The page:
The four-volume CHAW is edited overall by the indefatigable Mark Bradley, and it is genuinely magisterial, covering topics on the US in the World from the sixteenth century to the Trump era. The first three volumes are fantastic, but I have an entirely objective preference for Volume 4, which I co-edited with David Engerman and Max Friedman. It weighs in at about 800 pages, with 33 essays, and it was a *joy* to work on. The contributors are a who’s-who of the field, thinking creatively and analytically about how to bring the US into world history and world history in the history of the US.
David Hollinger’s review begins like this: “The Cambridge History of America and the World, Volume IV: 1945 to the Present testifies that “diplomatic history,” while becoming “US and the world,” has moved from the margins of the history discipline to its very center. This remarkable, 795-page volume deserves to be read as I have just read it, proceeding straight through from the first page to the last.”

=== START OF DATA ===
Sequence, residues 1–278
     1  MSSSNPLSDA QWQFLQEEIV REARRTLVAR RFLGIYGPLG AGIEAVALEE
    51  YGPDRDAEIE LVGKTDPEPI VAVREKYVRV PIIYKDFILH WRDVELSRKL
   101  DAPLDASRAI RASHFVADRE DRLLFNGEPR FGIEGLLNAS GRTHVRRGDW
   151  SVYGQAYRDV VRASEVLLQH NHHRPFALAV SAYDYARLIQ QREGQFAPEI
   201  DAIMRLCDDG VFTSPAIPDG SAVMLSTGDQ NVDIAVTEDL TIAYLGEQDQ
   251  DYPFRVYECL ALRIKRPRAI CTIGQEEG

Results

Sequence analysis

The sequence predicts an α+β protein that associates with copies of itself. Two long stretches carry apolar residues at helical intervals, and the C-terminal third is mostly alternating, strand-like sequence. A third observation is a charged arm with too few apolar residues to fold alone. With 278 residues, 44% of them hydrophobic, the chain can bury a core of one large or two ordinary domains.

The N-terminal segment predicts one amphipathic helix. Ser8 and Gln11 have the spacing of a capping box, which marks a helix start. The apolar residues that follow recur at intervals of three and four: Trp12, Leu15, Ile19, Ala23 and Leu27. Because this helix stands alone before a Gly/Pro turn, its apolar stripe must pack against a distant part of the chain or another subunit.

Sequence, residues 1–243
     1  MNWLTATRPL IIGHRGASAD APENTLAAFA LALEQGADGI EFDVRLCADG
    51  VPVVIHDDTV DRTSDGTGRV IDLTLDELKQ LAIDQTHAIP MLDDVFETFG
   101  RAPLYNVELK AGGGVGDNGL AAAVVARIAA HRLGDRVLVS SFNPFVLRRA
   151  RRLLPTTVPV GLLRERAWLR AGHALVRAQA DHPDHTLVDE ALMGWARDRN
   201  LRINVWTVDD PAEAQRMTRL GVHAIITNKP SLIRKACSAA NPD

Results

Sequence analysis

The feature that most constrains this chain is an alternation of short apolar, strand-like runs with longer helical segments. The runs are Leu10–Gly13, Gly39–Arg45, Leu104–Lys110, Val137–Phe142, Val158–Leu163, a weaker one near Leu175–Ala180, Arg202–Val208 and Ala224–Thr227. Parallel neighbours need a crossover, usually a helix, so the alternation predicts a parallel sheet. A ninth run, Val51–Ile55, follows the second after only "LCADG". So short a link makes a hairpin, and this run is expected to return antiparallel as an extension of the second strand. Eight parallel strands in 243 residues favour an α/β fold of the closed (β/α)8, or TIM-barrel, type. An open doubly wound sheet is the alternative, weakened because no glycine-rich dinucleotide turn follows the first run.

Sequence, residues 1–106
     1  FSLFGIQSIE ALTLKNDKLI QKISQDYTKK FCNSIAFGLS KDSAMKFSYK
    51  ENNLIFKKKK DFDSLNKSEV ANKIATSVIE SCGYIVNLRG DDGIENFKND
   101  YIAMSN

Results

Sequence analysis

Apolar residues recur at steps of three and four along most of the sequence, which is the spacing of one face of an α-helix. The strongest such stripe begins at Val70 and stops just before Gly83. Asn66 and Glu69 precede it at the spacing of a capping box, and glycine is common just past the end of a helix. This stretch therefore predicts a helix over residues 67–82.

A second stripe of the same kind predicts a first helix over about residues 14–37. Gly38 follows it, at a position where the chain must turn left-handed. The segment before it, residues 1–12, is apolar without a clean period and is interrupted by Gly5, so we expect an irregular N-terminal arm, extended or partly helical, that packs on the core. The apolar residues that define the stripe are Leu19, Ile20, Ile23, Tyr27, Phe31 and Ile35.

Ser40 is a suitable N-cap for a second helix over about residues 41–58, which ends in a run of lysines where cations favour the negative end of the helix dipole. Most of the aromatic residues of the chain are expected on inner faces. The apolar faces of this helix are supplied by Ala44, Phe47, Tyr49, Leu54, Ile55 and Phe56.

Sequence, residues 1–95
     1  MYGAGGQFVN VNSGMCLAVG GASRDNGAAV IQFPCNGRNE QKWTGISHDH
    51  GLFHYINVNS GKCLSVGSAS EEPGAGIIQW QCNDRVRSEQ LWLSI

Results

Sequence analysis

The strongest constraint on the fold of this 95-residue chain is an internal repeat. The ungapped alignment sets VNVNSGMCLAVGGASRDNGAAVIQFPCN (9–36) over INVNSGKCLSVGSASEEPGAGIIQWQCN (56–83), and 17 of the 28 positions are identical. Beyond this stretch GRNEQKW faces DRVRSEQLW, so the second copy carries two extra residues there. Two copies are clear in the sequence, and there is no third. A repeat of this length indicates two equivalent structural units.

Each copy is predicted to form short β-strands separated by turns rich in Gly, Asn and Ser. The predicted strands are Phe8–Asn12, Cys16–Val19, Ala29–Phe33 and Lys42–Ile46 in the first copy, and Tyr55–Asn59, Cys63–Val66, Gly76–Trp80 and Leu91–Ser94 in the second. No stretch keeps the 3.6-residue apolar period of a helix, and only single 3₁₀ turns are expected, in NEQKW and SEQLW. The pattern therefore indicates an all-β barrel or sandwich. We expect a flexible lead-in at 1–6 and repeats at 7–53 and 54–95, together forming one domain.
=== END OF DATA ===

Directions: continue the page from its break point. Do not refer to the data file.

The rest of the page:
I’ve never been prouder of work I’ve done, and the fact that, in the process, I made some very dear friends and learned a TON, is part of what made this project so meaningful.